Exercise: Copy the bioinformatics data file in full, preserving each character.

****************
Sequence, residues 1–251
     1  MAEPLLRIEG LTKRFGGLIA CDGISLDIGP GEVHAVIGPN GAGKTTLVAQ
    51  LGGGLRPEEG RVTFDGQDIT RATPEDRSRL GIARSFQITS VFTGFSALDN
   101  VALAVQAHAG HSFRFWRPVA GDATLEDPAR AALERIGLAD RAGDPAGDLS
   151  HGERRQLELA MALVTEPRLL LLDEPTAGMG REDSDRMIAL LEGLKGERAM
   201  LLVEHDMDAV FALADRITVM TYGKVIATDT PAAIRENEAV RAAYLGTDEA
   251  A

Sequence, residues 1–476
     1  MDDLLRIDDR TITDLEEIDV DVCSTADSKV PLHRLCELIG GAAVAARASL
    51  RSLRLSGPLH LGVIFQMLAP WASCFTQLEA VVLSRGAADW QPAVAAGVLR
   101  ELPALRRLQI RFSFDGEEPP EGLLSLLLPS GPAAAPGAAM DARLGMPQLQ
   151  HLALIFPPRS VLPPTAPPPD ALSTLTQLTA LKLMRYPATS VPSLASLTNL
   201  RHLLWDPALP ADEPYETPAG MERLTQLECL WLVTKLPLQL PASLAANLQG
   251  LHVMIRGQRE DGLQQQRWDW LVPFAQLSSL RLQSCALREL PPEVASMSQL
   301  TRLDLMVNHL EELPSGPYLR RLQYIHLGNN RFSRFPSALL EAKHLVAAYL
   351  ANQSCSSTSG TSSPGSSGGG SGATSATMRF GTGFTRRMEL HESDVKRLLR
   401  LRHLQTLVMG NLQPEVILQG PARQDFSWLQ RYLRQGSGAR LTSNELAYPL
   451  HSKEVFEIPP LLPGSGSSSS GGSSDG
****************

Sequence, residues 1–251
     1  MAEPLLRIEG LTKRFGGLIA CDGISLDIGP GEVHAVIGPN GAGKTTLVAQ
    51  LGGGLRPEEG RVTFDGQDIT RATPEDRSRL GIARSFQITS VFTGFSALDN
   101  VALAVQAHAG HSFRFWRPVA GDATLEDPAR AALERIGLAD RAGDPAGDLS
   151  HGERRQLELA MALVTEPRLL LLDEPTAGMG REDSDRMIAL LEGLKGERAM
   201  LLVEHDMDAV FALADRITVM TYGKVIATDT PAAIRENEAV RAAYLGTDEA
   251  A

Sequence, residues 1–476
     1  MDDLLRIDDR TITDLEEIDV DVCSTADSKV PLHRLCELIG GAAVAARASL
    51  RSLRLSGPLH LGVIFQMLAP WASCFTQLEA VVLSRGAADW QPAVAAGVLR
   101  ELPALRRLQI RFSFDGEEPP EGLLSLLLPS GPAAAPGAAM DARLGMPQLQ
   151  HLALIFPPRS VLPPTAPPPD ALSTLTQLTA LKLMRYPATS VPSLASLTNL
   201  RHLLWDPALP ADEPYETPAG MERLTQLECL WLVTKLPLQL PASLAANLQG
   251  LHVMIRGQRE DGLQQQRWDW LVPFAQLSSL RLQSCALREL PPEVASMSQL
   301  TRLDLMVNHL EELPSGPYLR RLQYIHLGNN RFSRFPSALL EAKHLVAAYL
   351  ANQSCSSTSG TSSPGSSGGG SGATSATMRF GTGFTRRMEL HESDVKRLLR
   401  LRHLQTLVMG NLQPEVILQG PARQDFSWLQ RYLRQGSGAR LTSNELAYPL
   451  HSKEVFEIPP LLPGSGSSSS GGSSDG